Although I’d been a student of metaphysics and the mind-body connection off and on since the early nineties, I didn’t discover New Thought as an organizational or historical movement until 1998. In that year, I returned to university studies two and a half years after my first attempt at college found me booted from the Honors College, losing all my scholarship funding, deep in the grips of major depression, reeling from attempts to self-medicate, and ultimately, pregnant by a much-older man who benefited greatly from my lack of self-esteem and boundaries. Those 28 months since dropping out of college had been some of the most transformative of my life — I gave up the guy, gave up the drugs and heavy drinking, read self-help and positive thinking manuals, and got counseling and treatment for my depression (and other issues stemming from a consistently traumatic childhood). I got involved in a progressive Episcopal church, feeling too uncomfortable with the idea of getting formally involved with non-Christian spiritual groups given my father’s conservative Christianity. Over time, though, I found my feminist mysticism (and sense of self-worth) deepening through my close connections with the Order of Saint Helena. I moved two states away with my infant son in 1997 to help start a non-profit organization, and just over a year later felt ready to give college another chance.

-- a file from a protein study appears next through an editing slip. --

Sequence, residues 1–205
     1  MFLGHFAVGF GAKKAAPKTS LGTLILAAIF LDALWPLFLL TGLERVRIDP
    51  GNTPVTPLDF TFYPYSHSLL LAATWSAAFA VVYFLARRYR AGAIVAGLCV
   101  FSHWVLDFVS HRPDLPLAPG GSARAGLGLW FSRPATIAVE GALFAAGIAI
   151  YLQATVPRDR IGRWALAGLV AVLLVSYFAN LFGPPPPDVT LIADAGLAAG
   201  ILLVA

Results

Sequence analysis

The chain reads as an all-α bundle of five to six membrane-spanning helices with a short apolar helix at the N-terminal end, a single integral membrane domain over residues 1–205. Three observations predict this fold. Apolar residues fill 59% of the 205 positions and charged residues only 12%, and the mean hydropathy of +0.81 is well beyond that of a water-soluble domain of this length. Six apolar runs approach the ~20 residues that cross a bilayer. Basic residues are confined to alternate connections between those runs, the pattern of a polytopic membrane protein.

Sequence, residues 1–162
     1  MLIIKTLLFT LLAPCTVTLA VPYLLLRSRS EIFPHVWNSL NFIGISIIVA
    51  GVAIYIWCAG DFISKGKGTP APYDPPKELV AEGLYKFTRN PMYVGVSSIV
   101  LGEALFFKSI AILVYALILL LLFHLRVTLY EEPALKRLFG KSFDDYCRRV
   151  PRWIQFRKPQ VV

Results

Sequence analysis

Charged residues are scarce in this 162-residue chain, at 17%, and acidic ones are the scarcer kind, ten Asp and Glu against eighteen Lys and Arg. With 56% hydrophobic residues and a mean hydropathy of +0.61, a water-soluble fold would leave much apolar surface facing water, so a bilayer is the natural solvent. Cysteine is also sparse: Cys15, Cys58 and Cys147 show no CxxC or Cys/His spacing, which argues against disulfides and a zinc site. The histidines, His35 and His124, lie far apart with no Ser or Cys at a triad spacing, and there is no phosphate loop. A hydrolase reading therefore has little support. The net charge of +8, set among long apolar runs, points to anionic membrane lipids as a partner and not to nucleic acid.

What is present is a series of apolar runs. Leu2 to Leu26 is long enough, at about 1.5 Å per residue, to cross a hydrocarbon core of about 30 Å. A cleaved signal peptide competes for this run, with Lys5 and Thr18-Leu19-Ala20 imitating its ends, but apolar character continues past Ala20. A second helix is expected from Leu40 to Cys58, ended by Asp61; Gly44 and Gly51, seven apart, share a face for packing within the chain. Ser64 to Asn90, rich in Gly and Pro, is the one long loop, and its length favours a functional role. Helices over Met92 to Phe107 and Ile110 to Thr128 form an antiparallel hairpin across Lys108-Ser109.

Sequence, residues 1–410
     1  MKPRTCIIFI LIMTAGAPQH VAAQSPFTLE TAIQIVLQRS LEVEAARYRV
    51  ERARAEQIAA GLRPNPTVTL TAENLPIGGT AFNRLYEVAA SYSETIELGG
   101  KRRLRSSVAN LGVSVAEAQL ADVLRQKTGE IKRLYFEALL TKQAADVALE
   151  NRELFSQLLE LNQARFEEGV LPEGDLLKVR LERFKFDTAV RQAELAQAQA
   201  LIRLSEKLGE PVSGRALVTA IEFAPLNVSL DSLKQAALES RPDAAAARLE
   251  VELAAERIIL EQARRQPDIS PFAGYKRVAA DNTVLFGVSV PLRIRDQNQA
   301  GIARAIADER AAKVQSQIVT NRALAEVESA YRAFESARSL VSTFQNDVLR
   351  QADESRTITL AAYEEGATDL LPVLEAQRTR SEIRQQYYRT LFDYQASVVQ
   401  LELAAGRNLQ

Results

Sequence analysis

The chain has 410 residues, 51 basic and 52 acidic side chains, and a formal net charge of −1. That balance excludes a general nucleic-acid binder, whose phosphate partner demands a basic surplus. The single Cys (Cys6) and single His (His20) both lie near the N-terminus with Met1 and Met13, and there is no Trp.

At the time, I was working in behavioral programs for children with autism, and planned to finish a degree in psychology. I was nervous about getting back into school, though, and chose two classes for my first semester that I knew would be interesting. I dropped out of one after the first meeting proved painfully boring. The other class — a religious studies class — was amazing, and the teacher was one of the most vibrant, brilliant, funny, and kind people I’d ever encountered. Within a year, I’d changed my major to religious studies, and continued to take classes from that instructor as often as possible. He was clearly ON FIRE, and I wanted to know more about what gave him that fire. He never talked about his personal beliefs in class, so I searched for him online, and found his name associated peripherally with the Unity movement and with an academic society that studied New Thought and other metaphysical movements. I read up on Unity, and had an “aha moment,” seeing in it a system of spiritual thought that embodied many of the beliefs I already held. To say that I had a “conversion experience” might even be understatement; I was now ON FIRE, read everything I could get my hands on, and attended every meeting, service, and healing circle that was offered, all the while ignoring the cognitive dissonance I was seeing and experiencing. After all, I was still bubbling forth with the energy of the conversion experience, and the benefits were far outweighing my need for logical consistency.